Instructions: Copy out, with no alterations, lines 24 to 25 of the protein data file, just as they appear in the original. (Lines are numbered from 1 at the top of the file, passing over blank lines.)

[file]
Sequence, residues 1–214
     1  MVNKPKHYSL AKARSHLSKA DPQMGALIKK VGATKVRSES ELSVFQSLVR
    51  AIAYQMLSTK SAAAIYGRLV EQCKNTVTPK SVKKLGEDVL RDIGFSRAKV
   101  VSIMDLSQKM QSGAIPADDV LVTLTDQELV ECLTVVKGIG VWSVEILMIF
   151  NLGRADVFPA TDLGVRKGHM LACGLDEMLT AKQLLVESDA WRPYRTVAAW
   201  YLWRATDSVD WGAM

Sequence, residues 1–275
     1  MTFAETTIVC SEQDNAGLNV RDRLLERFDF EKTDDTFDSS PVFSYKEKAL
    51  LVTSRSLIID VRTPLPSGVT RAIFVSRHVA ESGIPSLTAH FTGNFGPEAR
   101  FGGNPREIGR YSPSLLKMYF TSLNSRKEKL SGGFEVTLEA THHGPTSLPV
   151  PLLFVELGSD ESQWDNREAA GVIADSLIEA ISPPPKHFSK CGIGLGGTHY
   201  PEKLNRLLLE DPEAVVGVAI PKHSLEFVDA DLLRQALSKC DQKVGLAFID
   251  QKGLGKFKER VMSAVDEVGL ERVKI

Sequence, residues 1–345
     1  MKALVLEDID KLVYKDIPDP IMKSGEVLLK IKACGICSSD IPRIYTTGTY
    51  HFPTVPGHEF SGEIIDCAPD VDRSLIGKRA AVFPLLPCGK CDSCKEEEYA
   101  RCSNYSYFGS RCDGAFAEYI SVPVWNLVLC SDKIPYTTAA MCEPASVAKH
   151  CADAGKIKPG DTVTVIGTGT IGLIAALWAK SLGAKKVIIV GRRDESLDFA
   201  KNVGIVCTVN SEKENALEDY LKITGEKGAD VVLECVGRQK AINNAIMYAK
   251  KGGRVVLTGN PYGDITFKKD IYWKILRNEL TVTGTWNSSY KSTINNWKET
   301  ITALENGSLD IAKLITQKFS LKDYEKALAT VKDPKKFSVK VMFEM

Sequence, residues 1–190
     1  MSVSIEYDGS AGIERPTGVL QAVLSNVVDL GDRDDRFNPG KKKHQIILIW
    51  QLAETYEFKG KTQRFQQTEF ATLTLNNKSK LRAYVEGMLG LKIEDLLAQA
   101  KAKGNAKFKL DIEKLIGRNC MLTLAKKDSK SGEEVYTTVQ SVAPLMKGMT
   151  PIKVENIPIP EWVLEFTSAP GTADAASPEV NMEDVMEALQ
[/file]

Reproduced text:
    51  QLAETYEFKG KTQRFQQTEF ATLTLNNKSK LRAYVEGMLG LKIEDLLAQA
   101  KAKGNAKFKL DIEKLIGRNC MLTLAKKDSK SGEEVYTTVQ SVAPLMKGMT